Adaptive structure of gels and microgels with sliding cross-links: enhanced softness, stretchability and permeability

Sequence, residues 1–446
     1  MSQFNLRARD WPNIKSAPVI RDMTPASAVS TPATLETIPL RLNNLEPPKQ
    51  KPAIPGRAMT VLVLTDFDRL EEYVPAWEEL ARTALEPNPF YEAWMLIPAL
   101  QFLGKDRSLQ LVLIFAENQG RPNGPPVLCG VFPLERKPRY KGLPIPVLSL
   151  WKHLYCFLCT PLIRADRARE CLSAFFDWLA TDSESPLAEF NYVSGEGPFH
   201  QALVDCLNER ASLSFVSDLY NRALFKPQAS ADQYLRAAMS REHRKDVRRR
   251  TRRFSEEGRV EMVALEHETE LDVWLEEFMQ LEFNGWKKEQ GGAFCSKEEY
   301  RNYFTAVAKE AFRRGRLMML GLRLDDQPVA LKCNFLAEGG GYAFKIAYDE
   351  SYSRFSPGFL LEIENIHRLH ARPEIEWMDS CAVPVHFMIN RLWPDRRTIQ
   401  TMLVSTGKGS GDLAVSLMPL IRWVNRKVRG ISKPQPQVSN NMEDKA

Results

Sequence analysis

We propose an experimentally-inspired model of gels and microgels with sliding cross-links, and use this model to study the mechanical and structural properties with molecular dynamics simulations. In the model, the gels and microgels are made of linear polymer chains with threaded rings, which are capable of sliding along the chains, and bulky end-groups keeping the rings threaded (thus mimicking polyrotaxanes); the chains are covalently linked to each other not through the backbones but through the rings. Both gels and microgels are shown to be much softer in the regime of intermediate and large deformations and also much more stretchable than the topologically equivalent chemical counterparts. The physical reason for that is the mobility of the cross-links which leads to the formation of long, longitudinally oriented “subchains” between cross-linked rings upon uniaxial deformation. The microgels are tested for adsorption on a solid flat surface and for interaction with colloidal particles of different sizes. We demonstrate that the sliding microgel is subjected to stronger flattening on the surface than the chemical one. Enforced penetration of solid particles into the sliding microgel without breaking of covalent bonds is predicted even if the size of the particles is comparable to or larger than the mesh size of the chemical microgel and smaller than the size of polyrotaxane. This penetration is accompanied by the disappearance of the cavity: the microgel is characterized by adaptive porosity tunable to the guest-object.